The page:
|History of Cigarette Smoking||8.3||1.3 - 51.2||0.02|
|Evidence of HBV Infection (HBsAg+ and/or HBcAb+)||3.9||1.7 - 8.7||<0.01|
|Tattoo||2.8||1.1 - 6.8||0.02|
|HIV(+)||6.1||0.6 - 60.9||0.12|
|History of Incarceration||1.8||0.5 - 6.6||0.35|
|STI||1.5||0.3 - 7.4||0.62|
|Male||1.5||0.4 - 6.6||0.55|
|Low education||1||0.4 - 2.5||0.99|
|Age>40||0.9||0.4 - 2.2||0.95|
|Alcohol Intake||0.9||0.4 - 2.5||0.97|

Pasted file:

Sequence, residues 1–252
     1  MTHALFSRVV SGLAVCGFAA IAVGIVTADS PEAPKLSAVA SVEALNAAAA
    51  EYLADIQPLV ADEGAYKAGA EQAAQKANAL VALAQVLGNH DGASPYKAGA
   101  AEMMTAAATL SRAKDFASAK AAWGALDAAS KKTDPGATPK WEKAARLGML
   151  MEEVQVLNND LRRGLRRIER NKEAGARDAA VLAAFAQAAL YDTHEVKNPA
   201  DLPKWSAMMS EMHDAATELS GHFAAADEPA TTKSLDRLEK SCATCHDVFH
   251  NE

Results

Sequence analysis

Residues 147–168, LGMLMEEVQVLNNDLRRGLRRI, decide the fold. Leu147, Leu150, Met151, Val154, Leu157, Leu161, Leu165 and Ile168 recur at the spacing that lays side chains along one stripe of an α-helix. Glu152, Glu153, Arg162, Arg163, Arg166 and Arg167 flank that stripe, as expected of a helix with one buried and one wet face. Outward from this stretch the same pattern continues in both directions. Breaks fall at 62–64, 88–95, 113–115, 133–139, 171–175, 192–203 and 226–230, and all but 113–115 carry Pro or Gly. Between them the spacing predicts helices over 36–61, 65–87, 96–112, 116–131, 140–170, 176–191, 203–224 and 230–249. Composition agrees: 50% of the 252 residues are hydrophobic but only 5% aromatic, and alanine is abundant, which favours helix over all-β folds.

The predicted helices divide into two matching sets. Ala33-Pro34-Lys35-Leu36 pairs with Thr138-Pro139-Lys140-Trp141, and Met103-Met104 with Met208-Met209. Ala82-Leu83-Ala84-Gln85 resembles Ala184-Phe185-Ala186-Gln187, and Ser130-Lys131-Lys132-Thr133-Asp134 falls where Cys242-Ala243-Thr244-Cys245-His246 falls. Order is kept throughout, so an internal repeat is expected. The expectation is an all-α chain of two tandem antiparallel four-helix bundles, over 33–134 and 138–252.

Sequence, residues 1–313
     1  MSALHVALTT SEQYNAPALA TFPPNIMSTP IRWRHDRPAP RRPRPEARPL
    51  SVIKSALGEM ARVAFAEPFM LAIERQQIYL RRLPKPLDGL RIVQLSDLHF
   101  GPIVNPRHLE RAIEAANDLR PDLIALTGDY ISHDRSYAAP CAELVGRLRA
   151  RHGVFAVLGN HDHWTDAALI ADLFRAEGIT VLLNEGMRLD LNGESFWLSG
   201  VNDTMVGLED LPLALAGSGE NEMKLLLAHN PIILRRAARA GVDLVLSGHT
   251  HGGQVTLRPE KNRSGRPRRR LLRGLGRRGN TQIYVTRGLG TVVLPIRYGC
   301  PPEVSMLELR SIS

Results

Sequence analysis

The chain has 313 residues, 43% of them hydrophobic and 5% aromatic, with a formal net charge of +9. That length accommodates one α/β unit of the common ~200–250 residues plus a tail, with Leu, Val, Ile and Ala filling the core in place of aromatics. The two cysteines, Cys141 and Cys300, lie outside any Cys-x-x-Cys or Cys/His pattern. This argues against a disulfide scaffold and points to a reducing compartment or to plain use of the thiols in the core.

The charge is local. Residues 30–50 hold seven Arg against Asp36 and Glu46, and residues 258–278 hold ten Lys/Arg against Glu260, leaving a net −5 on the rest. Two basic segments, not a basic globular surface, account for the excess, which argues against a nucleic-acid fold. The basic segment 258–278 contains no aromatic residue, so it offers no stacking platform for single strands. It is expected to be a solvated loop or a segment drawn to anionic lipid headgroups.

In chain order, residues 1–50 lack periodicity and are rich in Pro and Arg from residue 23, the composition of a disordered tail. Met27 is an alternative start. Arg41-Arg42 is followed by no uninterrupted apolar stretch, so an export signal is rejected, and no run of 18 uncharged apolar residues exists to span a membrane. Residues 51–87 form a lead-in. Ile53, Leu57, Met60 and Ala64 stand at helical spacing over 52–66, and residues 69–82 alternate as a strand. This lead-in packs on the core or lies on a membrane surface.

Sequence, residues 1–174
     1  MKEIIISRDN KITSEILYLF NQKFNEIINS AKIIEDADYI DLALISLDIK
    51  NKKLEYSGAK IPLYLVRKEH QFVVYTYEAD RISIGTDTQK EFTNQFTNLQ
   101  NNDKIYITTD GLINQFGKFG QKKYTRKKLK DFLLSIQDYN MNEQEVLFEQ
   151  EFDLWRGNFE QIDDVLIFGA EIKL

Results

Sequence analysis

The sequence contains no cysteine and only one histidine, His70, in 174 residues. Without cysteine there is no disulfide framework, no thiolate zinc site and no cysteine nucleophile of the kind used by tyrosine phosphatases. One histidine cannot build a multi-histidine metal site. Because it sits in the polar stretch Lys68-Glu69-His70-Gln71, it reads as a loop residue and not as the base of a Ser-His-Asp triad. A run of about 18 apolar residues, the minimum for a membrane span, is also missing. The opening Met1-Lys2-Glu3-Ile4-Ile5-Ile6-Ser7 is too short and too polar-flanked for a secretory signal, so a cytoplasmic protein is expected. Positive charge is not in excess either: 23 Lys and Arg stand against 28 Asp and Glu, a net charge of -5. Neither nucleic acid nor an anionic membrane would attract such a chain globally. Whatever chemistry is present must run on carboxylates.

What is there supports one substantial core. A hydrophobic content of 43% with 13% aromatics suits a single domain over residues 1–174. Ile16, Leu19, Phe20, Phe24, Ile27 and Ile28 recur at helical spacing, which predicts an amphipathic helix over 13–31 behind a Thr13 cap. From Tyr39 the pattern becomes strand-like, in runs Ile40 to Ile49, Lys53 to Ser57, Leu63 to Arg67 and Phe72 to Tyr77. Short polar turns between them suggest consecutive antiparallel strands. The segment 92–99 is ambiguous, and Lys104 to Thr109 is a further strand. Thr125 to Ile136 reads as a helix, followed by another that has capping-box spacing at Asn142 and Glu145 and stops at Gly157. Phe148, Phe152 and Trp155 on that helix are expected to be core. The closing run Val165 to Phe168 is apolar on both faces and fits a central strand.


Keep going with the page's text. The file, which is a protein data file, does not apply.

Study patients that did not return for any follow up visits (n=38) were excluded from incident hepatotoxicity analyses. Overall, 54 (18.8%) of the remaining 288 TB patients developed incident hepatotoxicity; 42 patients developed grade 1 toxicity (14.6%), 8 developed grade 2 (2.8%), 4 developed grade 3 (1.4%), and no patients developed grade 4 hepatotoxicity. Comparing patients with TB that had incident hepatotoxicity to those without, bivariable analyses found that HCV co-infection (43.9% vs. 12.6%), IDU (39% vs. 14.5%), history of incarceration (34.6% vs. 16.8%), being a current smoker (23.2% vs. 13.6%) and male gender (22.6% vs. 9.5%) were significantly associated with incident hepatitis during the first six months of first-line anti-TB treatment (Table 4); there was a trend for HBsAg positivity (41.7% vs. 17.8%). In multivariable analysis, HCV co-infection (adjusted Hazards Ratio [aHR]=3.2, 95% CI=1.6-6.5) was significantly associated with incident toxicity among patients with active TB disease and there was a trend for chronic HBV infection (HBsAg+) (aHR=2.4, 95% CI=0.9-6.4) (Table 5). Compared to TB patients not infected with HCV, Kaplan-Meier survival curves showed that time until developing hepatotoxicity was shorter among TB patients with HCV co-infection (p<0.01) (Figure 1). None of the patients interrupted or terminated the treatment due to the hepatotoxicity symptoms or signs. Results of subgroup bivariable analyses (HCV co-infected patients only) for incident hepatotoxicity by detectable viral load and genotype are shown in Table 6. Among patients with TB and HCV co-infection, no difference in the proportion of patients with incident hepatotoxicity was found by detectable viral load (p=0.62) or genotype (p=0.93).